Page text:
Starting off early from Machynlleth (or other stations along the route), ask for a Ffestiniog Round Robin ticket. Head towards Shrewsbury, change there for Chester or Llandudno Junction, change at Llandudno Junction for Blaenau Ffestiniog (along the scenic Conwy Valley Line), and catch the Ffestiniog steam train to Porthmadog Harbour station. Walk through the town to the Cambrian Line station to get the train back to your original starting point. You can do it the other way round but check train times before you travel. Please note, it's only valid on Transport for Wales trains and one single journey on the Ffestiniog.

There are also various 'rover' ticket options to explore the railways across one or more days. Some include bus travel as well to really help you explore Wales by public transport.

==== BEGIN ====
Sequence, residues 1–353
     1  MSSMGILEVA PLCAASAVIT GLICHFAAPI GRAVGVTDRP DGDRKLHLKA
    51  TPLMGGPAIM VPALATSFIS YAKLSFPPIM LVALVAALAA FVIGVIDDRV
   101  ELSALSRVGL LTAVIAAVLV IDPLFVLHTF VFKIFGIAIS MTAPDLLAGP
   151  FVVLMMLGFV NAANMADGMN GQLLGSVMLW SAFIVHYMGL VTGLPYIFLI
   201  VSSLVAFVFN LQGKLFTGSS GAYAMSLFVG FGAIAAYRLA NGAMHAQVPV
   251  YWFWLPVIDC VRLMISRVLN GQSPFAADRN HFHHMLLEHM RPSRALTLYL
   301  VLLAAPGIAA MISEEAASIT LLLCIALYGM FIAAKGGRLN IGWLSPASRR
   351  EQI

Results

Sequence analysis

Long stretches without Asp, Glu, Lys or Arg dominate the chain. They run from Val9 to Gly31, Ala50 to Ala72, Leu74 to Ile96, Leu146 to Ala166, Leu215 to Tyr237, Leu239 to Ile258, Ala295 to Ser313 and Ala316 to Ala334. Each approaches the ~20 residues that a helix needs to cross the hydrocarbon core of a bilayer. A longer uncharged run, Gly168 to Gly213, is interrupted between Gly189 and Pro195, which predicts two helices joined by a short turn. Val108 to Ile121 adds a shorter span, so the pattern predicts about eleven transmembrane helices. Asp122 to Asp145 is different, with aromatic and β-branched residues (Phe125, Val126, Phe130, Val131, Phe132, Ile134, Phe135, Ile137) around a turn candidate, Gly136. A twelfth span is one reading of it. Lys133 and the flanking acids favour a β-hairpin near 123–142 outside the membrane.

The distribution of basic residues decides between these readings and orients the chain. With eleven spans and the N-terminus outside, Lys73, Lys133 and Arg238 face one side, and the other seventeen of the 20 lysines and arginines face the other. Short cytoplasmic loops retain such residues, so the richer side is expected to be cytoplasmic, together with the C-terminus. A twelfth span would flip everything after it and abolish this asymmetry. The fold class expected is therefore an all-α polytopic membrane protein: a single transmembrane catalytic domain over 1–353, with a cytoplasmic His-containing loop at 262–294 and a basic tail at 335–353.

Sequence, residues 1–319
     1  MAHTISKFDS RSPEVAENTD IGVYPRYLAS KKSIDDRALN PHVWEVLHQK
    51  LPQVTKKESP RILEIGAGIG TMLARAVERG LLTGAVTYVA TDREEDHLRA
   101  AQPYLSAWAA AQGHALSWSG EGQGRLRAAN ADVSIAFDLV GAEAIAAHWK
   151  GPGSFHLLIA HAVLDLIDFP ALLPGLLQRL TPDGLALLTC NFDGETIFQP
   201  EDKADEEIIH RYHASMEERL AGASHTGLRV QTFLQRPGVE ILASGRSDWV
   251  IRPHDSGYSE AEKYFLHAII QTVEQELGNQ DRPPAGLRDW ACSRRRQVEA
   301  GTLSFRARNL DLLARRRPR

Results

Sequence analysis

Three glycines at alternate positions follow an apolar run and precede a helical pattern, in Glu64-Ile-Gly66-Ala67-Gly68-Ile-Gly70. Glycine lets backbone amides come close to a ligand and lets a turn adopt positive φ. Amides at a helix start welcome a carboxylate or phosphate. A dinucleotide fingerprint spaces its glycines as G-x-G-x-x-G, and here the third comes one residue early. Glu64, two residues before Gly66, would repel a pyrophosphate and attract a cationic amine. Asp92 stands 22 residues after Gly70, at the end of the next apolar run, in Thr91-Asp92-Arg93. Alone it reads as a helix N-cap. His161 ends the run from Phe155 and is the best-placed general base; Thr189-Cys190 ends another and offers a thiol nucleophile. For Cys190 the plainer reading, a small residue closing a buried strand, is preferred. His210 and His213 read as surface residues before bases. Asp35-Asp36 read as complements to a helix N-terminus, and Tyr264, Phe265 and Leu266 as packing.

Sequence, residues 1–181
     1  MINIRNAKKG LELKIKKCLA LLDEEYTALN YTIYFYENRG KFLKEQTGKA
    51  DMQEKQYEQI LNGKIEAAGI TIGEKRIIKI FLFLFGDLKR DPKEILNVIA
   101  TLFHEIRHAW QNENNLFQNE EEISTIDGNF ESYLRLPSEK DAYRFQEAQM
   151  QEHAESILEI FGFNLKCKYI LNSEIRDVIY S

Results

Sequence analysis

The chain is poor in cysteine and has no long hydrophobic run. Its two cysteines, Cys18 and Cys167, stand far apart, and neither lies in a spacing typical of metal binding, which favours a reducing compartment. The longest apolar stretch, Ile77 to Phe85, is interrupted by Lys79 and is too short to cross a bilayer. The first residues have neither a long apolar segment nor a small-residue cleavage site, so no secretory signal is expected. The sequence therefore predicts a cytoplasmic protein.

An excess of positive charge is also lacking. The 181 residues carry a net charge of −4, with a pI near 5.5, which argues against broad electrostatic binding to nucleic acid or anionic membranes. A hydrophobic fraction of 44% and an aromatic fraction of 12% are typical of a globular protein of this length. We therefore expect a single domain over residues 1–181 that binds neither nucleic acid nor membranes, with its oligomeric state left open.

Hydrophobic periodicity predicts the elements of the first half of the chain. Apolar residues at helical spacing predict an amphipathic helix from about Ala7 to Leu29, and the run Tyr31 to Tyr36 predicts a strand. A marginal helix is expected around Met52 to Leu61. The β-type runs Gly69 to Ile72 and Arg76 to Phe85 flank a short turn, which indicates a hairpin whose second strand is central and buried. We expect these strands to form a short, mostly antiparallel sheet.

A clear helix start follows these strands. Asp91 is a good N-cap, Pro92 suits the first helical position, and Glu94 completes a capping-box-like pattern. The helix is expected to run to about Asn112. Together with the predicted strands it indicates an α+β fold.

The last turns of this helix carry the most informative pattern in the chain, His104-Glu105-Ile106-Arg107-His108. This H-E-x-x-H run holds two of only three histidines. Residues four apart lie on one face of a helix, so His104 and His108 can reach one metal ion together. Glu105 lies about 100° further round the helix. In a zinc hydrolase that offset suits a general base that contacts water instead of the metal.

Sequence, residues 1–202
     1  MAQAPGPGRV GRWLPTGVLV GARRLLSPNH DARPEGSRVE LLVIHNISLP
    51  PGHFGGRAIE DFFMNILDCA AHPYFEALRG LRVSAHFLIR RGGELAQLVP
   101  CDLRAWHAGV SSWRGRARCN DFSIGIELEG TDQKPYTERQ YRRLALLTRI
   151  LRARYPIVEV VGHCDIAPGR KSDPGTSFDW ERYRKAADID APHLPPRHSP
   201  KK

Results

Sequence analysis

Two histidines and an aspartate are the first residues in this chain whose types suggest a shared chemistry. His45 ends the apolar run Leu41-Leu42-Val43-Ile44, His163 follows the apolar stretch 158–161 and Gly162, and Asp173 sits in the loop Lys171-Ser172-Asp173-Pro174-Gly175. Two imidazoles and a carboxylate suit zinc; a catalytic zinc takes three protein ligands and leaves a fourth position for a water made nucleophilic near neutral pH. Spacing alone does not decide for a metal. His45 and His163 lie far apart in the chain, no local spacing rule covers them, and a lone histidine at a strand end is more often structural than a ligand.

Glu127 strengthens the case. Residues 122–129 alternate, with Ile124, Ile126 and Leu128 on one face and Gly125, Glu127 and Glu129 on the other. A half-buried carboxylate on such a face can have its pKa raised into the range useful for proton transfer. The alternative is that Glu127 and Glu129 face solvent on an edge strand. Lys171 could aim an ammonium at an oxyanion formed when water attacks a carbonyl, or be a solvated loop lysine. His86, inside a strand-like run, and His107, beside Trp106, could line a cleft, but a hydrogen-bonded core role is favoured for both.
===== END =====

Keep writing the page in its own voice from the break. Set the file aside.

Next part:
Using the Cambrian Coast line for walking and cycling

There are a lot of walks for all abilities starting from stations along the Cambrian Coast line. Follow in the footsteps of the many walkers who have already used the railway to complete the Wales Coast Path sections between Aberystwyth and Pwllheli. There's a great mixture of easy coastal walks with accessible level pathways, up to proper hard going hill walks, with spectacular views to match. There’s a handy guide to using the train to complete sections on the Wales Coast Path website and walk suggestions on the Rail to Trail website.

Other well known walks include the Mawddach Way walking trail around and above the beautiful Mawddach estuary, starting from Barmouth. The Panorama Walk takes you high above the coast for fabulous views, while Harlech's two mile Branwen walk explores the town and beach.